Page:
Thursday, September 10, 2015

"Q" as in QUICK for Alphabe-Thursday

It's time again for Alphabe-Thursday sponsored by Ms. Jenny at Jenny Matlock..."off on my tangent." 

This week we are studying the letter "Q" as in QUICK...
...get an Alphabe-Thursday post up!!! 

This is it!

Now head over to Ms. Jenny's blog for a list of this week's participants. 

Thank you for visiting.

Wednesday, September 02, 2015

"P" as in PAPER art for Alphabe-Thursday

After a bit of an absence I'm jumping in again for Ms. Jenny's Alphabe-Thursday.

This week we are studying the letter "P" as in PAPER art.

Take a look at this guy!   He's made out of paper.  This is Okoa The Wave Rider.  We stumbled upon him while down at MD Anderson Cancer Center for one of Reid's appointments recently.
I'm sorry that the picture of the sign isn't very clear.  He was an art project by the patients, families and staff at MD Anderson's Cancer Center.  The project was made possible by the Arts In Medicine Program.  The sign tells the story behind Okoa, but all of these pictures were taken with our cell phones and I know the writing isn't very clear.
However, you can read the entire story behind Okoa The Wave Rider here.

Now please head over to Jenny Matlock..."off on my tangent" for a list of this week's participants.  Thanks Jenny for sponsoring this event.

Life goes on...

I've been wanting to post an update for a while, but I was waiting for some results.

Reid had been having spots in his field of vision and was sent to a Neuro-Opthamologist.  (I didn't even know such a specialty existed.)  Anyway, this doctor suspected the spots were caused by Reid's original cancer pressing against a nerve in his neck.  He wanted him to have a PET scan just to rule out a recurrence of the Hodgkin's in his neck.

There was no Hodgkin's in his neck, but the PET scan did light up in his check area.  That kind of caught us by surprise since all the scans since his last stem cell transplant had been negative.  A needle biopsy was ordered and that came back negative.  However, they thought there might be suspicious cells and suggested a surgical biopsy so they could get a bigger piece.  The needle biopsy only gets a very small amount.  So, two weeks ago Reid had the surgical biopsy where they went in with a scope and got a larger piece.  This one also came back negative for Hodgkin's.  However, now his doctor says they still might not have gotten enough, so they will follow up with another PET scan in two or three months.  The spot that lit up will either be gone or will grow.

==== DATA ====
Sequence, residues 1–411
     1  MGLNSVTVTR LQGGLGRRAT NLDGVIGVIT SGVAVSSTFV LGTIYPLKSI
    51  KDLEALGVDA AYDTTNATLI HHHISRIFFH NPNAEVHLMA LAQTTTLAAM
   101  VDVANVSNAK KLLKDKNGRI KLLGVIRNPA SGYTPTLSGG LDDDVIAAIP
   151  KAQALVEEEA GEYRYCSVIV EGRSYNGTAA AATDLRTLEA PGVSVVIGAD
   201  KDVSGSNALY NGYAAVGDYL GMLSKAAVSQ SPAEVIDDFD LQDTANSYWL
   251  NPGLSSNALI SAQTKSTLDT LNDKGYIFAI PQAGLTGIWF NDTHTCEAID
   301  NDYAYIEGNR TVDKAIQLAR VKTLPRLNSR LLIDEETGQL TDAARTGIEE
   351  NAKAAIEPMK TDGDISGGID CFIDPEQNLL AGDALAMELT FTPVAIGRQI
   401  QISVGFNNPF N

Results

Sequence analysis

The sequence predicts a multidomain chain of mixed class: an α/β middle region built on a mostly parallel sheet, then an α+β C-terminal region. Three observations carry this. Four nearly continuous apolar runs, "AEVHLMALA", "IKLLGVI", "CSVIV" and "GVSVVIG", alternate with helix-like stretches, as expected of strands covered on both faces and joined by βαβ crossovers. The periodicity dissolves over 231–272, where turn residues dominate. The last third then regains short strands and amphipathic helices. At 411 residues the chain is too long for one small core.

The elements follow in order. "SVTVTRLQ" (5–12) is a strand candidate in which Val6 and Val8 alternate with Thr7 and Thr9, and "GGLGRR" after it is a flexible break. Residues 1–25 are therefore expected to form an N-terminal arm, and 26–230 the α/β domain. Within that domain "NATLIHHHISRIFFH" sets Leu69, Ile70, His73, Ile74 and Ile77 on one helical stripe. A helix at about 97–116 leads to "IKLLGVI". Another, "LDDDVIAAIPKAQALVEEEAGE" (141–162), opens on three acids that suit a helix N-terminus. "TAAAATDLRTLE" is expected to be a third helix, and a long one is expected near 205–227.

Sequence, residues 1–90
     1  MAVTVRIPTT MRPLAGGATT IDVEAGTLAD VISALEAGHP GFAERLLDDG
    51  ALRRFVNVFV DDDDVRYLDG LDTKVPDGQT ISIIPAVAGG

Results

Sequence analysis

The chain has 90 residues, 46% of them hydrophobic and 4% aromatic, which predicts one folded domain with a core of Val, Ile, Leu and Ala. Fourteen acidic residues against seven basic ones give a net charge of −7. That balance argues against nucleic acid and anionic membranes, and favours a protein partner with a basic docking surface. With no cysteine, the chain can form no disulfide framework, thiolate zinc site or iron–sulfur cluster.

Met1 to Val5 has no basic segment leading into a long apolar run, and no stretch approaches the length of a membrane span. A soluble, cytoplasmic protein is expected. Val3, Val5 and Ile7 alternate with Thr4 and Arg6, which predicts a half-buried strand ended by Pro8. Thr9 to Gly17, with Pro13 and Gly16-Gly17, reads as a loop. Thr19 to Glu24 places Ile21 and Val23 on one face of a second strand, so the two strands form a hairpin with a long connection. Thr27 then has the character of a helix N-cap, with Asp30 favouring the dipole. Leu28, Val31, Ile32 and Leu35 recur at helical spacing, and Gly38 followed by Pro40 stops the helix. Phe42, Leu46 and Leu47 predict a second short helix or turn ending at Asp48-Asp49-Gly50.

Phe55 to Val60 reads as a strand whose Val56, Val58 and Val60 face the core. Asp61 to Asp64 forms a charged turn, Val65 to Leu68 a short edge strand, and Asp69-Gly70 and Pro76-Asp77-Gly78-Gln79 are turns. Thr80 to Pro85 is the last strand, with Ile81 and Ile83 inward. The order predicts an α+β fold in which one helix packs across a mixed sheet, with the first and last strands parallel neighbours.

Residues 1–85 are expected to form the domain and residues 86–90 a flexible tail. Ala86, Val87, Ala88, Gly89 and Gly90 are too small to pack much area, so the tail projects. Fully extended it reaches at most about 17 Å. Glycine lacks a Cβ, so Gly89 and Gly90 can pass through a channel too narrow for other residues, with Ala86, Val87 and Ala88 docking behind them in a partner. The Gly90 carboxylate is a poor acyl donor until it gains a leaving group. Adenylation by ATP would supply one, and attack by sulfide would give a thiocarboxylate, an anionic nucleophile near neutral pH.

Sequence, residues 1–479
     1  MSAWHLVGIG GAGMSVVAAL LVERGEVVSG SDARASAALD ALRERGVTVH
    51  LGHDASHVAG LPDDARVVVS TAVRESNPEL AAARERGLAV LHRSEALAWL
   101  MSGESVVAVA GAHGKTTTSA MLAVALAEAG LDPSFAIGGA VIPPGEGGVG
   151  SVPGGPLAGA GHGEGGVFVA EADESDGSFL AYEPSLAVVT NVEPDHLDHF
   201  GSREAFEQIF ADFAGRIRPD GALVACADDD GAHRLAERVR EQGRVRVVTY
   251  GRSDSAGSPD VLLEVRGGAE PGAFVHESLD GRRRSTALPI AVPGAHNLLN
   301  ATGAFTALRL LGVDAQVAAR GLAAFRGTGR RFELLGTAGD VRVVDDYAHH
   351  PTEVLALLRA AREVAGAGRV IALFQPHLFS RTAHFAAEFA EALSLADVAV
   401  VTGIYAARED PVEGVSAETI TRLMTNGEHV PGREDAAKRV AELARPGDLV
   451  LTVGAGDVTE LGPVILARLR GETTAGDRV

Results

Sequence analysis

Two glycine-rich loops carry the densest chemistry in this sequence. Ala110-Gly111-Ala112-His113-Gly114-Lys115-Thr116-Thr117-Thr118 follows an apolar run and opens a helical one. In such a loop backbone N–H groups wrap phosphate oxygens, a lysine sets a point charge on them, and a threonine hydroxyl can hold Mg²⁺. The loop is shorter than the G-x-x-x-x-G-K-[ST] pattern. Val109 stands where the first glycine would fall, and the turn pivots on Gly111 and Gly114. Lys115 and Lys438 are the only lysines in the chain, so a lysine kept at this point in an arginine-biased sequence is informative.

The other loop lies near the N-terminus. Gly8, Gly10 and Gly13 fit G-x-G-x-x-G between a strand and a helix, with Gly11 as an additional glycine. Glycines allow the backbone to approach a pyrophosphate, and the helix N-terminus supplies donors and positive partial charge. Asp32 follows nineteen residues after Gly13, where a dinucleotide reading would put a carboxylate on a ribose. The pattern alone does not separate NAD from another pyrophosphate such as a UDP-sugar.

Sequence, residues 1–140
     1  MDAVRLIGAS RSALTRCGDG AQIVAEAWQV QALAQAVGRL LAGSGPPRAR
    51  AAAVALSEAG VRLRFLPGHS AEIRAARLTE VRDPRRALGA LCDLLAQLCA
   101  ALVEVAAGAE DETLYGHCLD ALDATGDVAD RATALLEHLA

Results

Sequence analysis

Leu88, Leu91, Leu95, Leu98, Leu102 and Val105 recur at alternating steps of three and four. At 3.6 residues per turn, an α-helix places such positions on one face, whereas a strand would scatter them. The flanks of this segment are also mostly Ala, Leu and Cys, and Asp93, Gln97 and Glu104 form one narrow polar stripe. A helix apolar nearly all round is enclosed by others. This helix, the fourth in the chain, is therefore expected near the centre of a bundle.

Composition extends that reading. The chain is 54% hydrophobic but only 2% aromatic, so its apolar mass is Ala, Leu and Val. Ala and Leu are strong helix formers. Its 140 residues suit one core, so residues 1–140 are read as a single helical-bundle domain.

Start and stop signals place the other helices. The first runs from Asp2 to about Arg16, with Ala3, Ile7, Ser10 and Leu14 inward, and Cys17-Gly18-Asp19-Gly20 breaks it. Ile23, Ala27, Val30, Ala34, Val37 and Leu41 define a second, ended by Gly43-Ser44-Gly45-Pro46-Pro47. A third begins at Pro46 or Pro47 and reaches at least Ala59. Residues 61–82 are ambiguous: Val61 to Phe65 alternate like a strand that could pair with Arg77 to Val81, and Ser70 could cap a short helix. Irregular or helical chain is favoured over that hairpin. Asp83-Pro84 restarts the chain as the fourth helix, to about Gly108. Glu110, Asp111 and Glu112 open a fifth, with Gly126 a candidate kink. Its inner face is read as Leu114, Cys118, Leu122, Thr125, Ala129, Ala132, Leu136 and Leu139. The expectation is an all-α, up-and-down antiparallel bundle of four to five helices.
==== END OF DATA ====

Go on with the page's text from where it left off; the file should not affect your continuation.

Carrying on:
Although we're grateful that the biopsies came back negative, we're still concerned.  It's been a stressful month.

Then on Saturday morning Reid told me that he now has double vision when he looks to the right.  He hasn't had the spots though since early July.  We have no idea what's going on, but he left a message with the Neuro-Opthamologist's answering service and they called back and scheduled an appointment for September 8th.  Hopefully, he'll get some answers then.

Meanwhile, he took an online class this summer and is currently enrolled in another one this semester.  He is able to read and type without any trouble, so hopefully he'll be able to keep up with this class.  He hasn't been driving and won't until he sees the doctor on the 8th.

With all of this going on I fell behind with Alphabe-Thursday.  To be honest, I just wasn't in the mood.  Stress will do that to a person, but I'm joining in again this week.  I enjoy doing Ms. Jenny's Alphabe-Thursday and it keeps me blogging at least once a week (most of the time).

Meanwhile, I thought I'd share a few pictures that I took from the 24th floor at MD Anderson Cancer Center.  This floor is the observation floor.  There's nothing else.  It's just a place to relax.

These pictures were taken through a glass window with my cell phone.  The building in the middle is MD Anderson's Mays Clinic.  In the background (from left to right) is The Astrodome, NRG Stadium (where the Houston Texans play), and the Houston Texans Practice Bubble.
In this picture the building to the right is where Reid was an inpatient for both of his stem cell transplants.  One time his room overlooked this helicopter pad and I would watch the helicopters land (while Reid mostly slept).
And here's how Reid entertains himself between appointments.  This was also taken on the 24th floor.  It's pretty quiet up there.  I don't think a lot of people even realize the observation floor is there.  Too bad because they're missing out on quite a view.
Now I'm off to get my Alphabe-Thursday post up!